When some of them die, in the battle that consumes the final third of this 2hr.42min. extravaganza, you're meant to cheer. And you will. That climactic face-off is stage-managed for maximum thrills, as the creatures we met in the first part of the film join the Na'vi in opposing the rotten humans. But the supreme joy of Avatar is in its long central portion: a safari through the luscious landscape of Pandora.

After all those years on the water (with Titanic) and underwater (with The Abyss and his two documentaries), Cameron has surfaced to put his vision of Pandora on screen. It's an impossible but completely plausible and seductive world that invites your total immersion. Don't resist it; sink in and fly with it. All Cameron asks is that you open your eyes. Click on the source link for the complete review.

Review from Variety
By Todd McCarthy | Excerpt:

The King of the World sets his sights on creating another world entirely in "Avatar," and it's very much a place worth visiting.

The most expensive and technically ambitious film ever made, James Cameron's long-gestating epic pitting Earthly despoilers against a forest-dwelling alien race delivers breathtaking sights, narrative excitement and an overarching anti-imperialist, back-to-nature theme that will play very well around the world, and yet is rather ironic coming from such a technology-driven picture.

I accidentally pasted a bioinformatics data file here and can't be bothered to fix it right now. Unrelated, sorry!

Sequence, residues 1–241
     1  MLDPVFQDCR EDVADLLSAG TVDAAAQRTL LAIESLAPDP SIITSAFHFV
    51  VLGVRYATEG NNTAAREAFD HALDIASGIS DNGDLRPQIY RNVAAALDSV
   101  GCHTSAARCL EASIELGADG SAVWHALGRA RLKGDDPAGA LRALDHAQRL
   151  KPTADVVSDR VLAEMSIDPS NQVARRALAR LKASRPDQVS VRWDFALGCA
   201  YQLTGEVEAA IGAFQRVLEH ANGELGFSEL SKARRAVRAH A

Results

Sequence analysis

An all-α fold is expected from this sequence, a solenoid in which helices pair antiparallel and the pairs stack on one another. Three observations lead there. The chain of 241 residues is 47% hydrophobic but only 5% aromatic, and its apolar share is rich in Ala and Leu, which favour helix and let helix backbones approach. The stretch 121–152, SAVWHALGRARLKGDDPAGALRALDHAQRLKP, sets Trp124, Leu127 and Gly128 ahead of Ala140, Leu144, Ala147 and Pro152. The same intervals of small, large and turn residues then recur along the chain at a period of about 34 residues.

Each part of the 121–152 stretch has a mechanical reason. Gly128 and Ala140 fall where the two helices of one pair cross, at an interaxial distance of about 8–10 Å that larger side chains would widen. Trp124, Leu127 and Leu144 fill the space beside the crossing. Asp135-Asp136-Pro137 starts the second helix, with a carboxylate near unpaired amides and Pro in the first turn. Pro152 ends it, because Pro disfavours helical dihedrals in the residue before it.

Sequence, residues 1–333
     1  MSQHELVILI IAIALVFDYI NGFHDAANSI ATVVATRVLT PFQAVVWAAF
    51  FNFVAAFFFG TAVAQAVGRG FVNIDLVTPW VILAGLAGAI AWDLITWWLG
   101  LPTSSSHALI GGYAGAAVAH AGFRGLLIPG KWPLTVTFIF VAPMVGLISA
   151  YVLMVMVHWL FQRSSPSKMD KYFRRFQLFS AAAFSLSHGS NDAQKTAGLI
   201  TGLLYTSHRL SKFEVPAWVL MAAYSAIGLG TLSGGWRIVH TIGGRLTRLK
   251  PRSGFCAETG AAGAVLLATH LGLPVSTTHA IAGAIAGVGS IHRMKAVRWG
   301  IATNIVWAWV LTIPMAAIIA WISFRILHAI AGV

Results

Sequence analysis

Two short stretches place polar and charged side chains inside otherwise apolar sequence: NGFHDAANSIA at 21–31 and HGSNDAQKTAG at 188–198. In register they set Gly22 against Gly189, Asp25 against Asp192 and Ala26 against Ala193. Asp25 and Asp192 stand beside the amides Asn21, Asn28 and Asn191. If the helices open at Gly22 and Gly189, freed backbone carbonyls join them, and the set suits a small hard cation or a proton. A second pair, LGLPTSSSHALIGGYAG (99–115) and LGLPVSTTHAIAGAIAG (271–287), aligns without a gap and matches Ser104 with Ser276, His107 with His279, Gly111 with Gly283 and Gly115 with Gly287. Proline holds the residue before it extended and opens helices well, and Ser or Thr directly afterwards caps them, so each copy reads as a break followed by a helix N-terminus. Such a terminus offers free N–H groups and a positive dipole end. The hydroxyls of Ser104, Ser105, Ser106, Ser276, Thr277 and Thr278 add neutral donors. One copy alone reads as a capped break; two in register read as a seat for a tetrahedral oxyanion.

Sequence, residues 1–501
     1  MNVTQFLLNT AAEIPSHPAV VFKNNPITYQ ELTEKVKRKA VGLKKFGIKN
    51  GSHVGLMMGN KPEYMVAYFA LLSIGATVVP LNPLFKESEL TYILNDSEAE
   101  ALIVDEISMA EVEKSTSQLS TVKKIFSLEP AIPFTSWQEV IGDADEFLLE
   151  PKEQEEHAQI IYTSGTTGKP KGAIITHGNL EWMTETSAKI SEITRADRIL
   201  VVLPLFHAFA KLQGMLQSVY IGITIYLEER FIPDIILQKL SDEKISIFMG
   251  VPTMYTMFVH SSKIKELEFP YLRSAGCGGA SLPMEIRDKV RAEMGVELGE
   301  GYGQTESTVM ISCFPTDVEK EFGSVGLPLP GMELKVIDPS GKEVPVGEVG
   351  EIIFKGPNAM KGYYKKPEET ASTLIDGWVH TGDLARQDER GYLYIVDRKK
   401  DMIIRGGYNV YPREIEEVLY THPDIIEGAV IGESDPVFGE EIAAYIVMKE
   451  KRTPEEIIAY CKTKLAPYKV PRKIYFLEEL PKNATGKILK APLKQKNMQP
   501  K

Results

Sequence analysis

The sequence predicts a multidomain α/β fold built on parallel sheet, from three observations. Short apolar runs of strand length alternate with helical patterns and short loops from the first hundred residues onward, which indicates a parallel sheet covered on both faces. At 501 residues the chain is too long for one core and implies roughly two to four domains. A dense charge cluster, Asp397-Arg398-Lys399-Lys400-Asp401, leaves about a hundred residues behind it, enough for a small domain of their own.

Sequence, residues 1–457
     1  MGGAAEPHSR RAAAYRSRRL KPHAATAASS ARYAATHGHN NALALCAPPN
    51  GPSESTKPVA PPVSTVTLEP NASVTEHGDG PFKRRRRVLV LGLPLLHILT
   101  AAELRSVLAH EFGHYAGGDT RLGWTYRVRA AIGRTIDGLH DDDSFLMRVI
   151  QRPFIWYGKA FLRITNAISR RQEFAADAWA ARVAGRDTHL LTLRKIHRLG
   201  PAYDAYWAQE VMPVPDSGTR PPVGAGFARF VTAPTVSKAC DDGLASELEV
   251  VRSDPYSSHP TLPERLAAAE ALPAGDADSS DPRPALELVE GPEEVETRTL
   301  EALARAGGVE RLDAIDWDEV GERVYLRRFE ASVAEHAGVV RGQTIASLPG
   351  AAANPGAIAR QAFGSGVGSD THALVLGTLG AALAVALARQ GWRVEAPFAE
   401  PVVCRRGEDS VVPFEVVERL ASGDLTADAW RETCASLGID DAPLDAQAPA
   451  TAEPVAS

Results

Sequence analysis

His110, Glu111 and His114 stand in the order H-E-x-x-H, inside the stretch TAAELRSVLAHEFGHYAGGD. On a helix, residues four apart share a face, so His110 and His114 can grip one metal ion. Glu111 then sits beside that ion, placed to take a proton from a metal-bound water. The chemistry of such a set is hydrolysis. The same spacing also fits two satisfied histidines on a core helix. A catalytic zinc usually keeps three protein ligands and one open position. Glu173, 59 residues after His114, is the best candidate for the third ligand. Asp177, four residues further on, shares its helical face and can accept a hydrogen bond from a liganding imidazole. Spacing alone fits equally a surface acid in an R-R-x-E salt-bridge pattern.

Twelve years after "Titanic," which still stands as the all-time B.O. champ, Cameron delivers again with a film of universal appeal that just about everyone who ever goes to the movies will need to see. Cameron reportedly wrote the story, if not the full script, for "Avatar" at least 15 years ago but decided he had to wait until visual effects capabilities advanced sufficiently to credibly render his imagined world and its inhabitants.

On this fundamental level, the picture is a triumph; it's all of a piece, in no way looking like a vague mish-mash of live-action, CGI backdrops, animation, performance capture and post-production effects. On top of that, the 3D is agreeably unemphatic, drawing the viewer into the action without calling attention to itself. The third dimension functions as an enhancement, not a raison d'etre, so the film will look perfectly fine without it. (When it opens domestically on Dec. 15, approximately 2100 screens will feature 3D, with another 1200 in 2D.) Then there's the appearance of the indigenous Na'vi clan.

In the wake of the still photographs, trailers and 15-minute appetizer offered up by Fox in recent months, a certain wait-and-see reaction could be felt that raised mild doubts about how physically appealing the protagonists would be. But once they're introduced in the context of the picture, these blue-skinned, yellow-eyed creatures quickly become captivating, even sexy, with their rangy height, slim and elongated bodies and skimpy wardrobe, and the grace and dexterity with which they move.